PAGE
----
RICE V/S CHAPATI

This question has always been a topic of debate that which is healthier, Rice or Chapati. Some people say that consumption of Rice regularly may increase the weight, and some say eating more Chapati increases the carb level in the body. But the truth is that the Indian meal in incomplete without Rice or Chapati. There are different types of Chapati cooked in India at different meals, and a lot of dishes are prepared with Rice. They both are the main elements in the Breakfast, Lunch, and Dinner in India. 

Today, people have realized that it is high time now and focusing on their health is the first thing they should do. With the increased concern about fitness, people have started questioning their diet, and the first questions in mind appear to be “Is Chapati healthier or Rice? “

Weight loss is the most prominent problem people are facing these days, and most of them are worried about losing weight. So knowing the advantages and disadvantages of Rice and Chapati is necessary. Both of them have the same carbohydrate level and calories only the difference is that Rice contains less protein and fibers as compared to Chapati. Rice gets digested in our system easily due to its starch content and roti digests slowly. 

A unique and useful fact about Chapati is that it digests slowly, therefore, keeps our stomach full for a longer time. Fue to this we don’t get hungry too frequently and this we can control our diet. A good one for people who are weight watchers!

Lets Compare Rice and Chapati 

  • Both Rice and Chapati give Folate, a water-solvent B-Vitamin. Rice contains more Folate than Chapati
  • Rice also does not contain any sodium, but Chapati has more protein, Fibre, micronutrients, and sodium. 
  • Every time you eat Chapati, it gives you iron calcium, potassium, and phosphorus, while Rice provides a similar measure of iron however less phosphorus, potassium, and magnesium. Calcium is not found in Rice.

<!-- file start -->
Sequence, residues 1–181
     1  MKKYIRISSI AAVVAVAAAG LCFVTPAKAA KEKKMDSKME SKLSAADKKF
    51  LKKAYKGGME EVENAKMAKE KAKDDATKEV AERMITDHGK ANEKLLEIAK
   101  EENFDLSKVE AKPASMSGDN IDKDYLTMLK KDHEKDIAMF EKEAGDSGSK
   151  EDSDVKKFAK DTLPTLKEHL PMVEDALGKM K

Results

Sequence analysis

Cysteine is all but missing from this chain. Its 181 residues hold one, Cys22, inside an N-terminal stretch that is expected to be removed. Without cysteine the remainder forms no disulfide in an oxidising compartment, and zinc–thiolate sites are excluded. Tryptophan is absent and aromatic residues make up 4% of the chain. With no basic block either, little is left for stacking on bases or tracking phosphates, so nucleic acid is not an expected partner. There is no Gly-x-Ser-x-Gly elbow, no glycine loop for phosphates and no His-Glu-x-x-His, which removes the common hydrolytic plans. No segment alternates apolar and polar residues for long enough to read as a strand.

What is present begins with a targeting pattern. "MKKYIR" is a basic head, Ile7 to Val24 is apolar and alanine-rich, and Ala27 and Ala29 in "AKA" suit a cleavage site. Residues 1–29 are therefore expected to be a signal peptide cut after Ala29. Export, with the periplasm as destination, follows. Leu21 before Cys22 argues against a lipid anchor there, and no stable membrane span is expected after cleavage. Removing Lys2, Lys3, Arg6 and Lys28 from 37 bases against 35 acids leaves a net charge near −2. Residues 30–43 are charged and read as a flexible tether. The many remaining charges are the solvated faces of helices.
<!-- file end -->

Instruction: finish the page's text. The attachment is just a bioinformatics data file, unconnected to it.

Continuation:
Most people in Indian prefer eating multigrain Chapatis and Brown Rice. Chapati is usually made of more Wheat and other grains. Both Rice and Chapati raise the same blood sugar level as they both have a similar glycemic index. 

Rice is one of the more regularly expended grains, giving 20 per cent of the world’s vitality from sustenance. Chapati is a kind of unleavened bread ordinarily devoured by individuals when they eat Indian food. Both of these nourishments can be nutritious side dishes. However, chapatis are more supplement thick than Rice.

⅓ Cup of Rice contains:

– 80 calories

– 1 gram of protein

– 0.1 gram of fat

– 18 grams of carbohydrate

6-inch Chapati contains: 

-71 calories

-3 grams of protein

– 0.4 gram of fat

– 15 grams of carbohydrate

-2 grams of Fibre

Both Rice and chapatis give Folate, a water-dissolvable B nutrient that is fundamental for making DNA and shaping new cells, including the red platelets that transport oxygen all through your body. Folate likewise forestalls neural-tube birth abandons, so it is particularly significant for ladies who are pregnant or could end up pregnant. Rice is the better source, giving 15 percent of the every day esteem for Folate per serving contrasted and 4 percent of the DV in every Chapati.

Each serving of chapatis furnishes you with 6 percent of the DV for phosphorus, 5 percent of the DV for iron and magnesium, 2 percent of the DV for potassium and 1 percent of the DV for calcium. A serving of Rice gives a similar measure of iron yet less phosphorus and magnesium, with 2 percent of the DV for every one of these supplements, and less potassium, with 1 percent of the DV. Rice doesn’t contain any calcium. Phosphorus is significant for kidney capacity and cell fix, iron is required for shaping red platelets, and magnesium controls your pulse and glucose levels.

USES

In India, Chapati is eaten by tearing it into small parts and then eating it with cooked vegetables or pulses. Rice is eating after boiling it into the water and then mixing it with legumes or cooked vegetables. 

Tip: Eating brown Rice is a healthier option.

Conclusion

Anything eaten in a controlled quantity will always be good for health. For example, one Chapati and one small bowl of Rice is enough for one time meal. It’s not about avoiding Chapati or Rice; it all about keeping a check on the portion size.

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